Corporate bond market issuance has fallen during the summer and private equity groups seeking to buy Chrysler LLC, the third largest U.S. automaker, and Alliance Boots, the British pharmacy chain, have struggled to raise the finance for the leveraged buyouts.

On Thursday, France's largest bank, BNP Paribas, stopped withdrawals from three funds invested in securities backed by mortgages, while a crop of hedge funds including two at Goldman Sachs Group revealed this week they have been hit hard by the market's turbulence.

The European Central Bank injected 155.85 billion euros ($214.21 billion) into the banking system in the past two days to assuage investors fears.

Everyone from the ECB to the U.K. to Germany to the president of the United States ... to Canada ... is stepping up to assure us that they're on the case and monitoring markets, said Todd Harrison, founder of Minyanville.

Harrison said central banks have been proactive as opposed to reactive, as major economies have enjoyed economic growth during a period of ultra low interest rates.

My hunch is that they 'get' the globalized finance-based economy's dependence on credit and they're worried that the debt bubble has cracked, Harrison said.

Given our ADD, immediate gratification society, the implications of this latest prick are entirely more profound. And that, I believe, is why the powers that be are wasting no time trying to shore up psychology.


After enjoying the rally in equities that has seen the Dow Jones Industrial Average hit record highs this year, it appears that a growing number of hedge funds, investment banks and money managers have been blindsided by this month's volatility.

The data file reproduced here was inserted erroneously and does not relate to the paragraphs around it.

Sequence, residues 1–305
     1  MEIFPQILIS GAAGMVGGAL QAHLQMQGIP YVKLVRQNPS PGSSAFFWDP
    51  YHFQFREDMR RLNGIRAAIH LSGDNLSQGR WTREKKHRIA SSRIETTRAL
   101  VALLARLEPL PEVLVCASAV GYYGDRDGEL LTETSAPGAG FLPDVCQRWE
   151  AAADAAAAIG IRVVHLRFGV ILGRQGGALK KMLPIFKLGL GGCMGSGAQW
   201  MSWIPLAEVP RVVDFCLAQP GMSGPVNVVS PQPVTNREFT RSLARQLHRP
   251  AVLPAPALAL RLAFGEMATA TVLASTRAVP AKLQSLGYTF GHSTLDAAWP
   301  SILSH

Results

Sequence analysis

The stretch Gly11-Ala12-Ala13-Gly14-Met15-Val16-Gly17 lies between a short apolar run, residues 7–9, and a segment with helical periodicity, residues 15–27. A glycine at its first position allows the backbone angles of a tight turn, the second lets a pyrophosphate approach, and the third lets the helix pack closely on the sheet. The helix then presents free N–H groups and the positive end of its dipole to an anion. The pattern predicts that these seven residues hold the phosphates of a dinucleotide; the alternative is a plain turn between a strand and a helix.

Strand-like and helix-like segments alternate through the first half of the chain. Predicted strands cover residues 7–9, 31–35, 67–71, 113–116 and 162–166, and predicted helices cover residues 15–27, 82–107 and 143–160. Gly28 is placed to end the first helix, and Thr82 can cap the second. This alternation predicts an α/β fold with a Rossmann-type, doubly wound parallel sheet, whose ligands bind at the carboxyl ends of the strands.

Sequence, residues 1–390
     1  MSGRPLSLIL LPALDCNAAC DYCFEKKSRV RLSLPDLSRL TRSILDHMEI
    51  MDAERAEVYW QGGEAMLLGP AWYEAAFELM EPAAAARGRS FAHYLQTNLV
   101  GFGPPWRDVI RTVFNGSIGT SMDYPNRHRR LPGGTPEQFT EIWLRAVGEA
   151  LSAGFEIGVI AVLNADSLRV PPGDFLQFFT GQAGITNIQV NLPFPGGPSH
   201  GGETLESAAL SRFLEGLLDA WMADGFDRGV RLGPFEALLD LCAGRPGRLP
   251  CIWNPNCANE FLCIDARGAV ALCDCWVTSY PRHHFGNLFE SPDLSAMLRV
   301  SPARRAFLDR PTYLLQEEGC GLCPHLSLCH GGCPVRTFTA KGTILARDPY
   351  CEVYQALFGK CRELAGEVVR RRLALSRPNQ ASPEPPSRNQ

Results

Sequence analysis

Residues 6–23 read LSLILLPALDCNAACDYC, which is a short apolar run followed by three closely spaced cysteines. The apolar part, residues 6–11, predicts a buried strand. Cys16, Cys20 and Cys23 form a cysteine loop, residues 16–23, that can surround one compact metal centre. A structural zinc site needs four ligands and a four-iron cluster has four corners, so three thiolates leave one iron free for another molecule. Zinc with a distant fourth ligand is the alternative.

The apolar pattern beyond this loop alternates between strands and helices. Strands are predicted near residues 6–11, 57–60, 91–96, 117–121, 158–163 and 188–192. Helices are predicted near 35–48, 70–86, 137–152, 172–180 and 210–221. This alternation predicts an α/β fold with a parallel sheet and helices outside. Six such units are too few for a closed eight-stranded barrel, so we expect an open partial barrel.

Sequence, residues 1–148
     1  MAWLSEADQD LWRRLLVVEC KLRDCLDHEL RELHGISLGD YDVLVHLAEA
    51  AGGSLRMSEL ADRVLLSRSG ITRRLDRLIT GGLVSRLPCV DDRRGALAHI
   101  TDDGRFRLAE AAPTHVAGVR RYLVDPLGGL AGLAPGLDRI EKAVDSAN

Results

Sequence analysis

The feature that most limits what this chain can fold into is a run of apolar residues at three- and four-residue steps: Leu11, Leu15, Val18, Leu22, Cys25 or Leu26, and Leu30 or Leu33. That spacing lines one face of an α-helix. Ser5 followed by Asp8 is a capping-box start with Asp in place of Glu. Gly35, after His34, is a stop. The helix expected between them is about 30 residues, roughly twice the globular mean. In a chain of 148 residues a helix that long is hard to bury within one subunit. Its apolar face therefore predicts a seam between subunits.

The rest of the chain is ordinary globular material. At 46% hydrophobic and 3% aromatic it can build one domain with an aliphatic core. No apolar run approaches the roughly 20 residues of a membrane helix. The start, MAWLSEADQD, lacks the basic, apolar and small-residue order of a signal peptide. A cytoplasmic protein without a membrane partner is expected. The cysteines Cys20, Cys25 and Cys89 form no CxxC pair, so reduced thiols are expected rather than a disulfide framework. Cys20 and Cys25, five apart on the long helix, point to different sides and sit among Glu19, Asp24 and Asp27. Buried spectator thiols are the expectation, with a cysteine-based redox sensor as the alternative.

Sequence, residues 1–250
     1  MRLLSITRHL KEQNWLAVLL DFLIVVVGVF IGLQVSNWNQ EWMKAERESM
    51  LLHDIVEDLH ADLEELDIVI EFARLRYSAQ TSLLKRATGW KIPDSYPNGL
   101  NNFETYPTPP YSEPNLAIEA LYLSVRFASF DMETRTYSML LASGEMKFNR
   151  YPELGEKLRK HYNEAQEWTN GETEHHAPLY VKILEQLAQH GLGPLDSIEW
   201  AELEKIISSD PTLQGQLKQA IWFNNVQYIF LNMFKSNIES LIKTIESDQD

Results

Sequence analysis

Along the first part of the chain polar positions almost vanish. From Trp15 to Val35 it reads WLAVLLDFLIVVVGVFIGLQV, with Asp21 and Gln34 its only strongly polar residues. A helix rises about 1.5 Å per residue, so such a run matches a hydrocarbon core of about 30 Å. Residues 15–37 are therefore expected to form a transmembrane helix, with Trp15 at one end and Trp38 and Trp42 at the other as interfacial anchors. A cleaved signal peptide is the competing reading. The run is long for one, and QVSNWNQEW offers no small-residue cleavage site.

But one group, the small mom-and-pop investor, is still keeping the faith.

TrimTabs estimate that all U.S. equity funds had a healthy $2.6 billion inflow on August 8, while U.S. equity exchange-traded funds had a $2 billion flow and global ETFs got $2.8 billion fresh.

Their participation, however, often signals a short term trading top -- but then again at other times it doesn't, said Charles Biderman, chief executive officer at TrimTabs Investment Research.

Corporate America too has not been shaken by the stock-market decline. At least nine new stock buybacks totaling $1.67 billion were announced on Thursday.

Every day there are many, many new stock buybacks being announced and a source at a major trading desk says that actual buybacks are continuing at a fast and furious pace, said Biderman.

All told, one market maven isn't calling for the end of the bull market.

Abby Joseph Cohen, chief investment strategist at Goldman Sachs, said on Friday that U.S. stocks are underpriced by about 10 percent.

That level of discount in the markets provides usually a good entry point, she said.

Cohen, speaking on the television channel CNBC, said that the benchmark Standard & Poor's 500 Index is trading about 10 percent off its fair value, which she put at about 1,600.

The S&P 500 was up 0.55 of a point, or 0.04 percent, to finish at 1,453.64, off a session low at 1,429.74 earlier on Friday.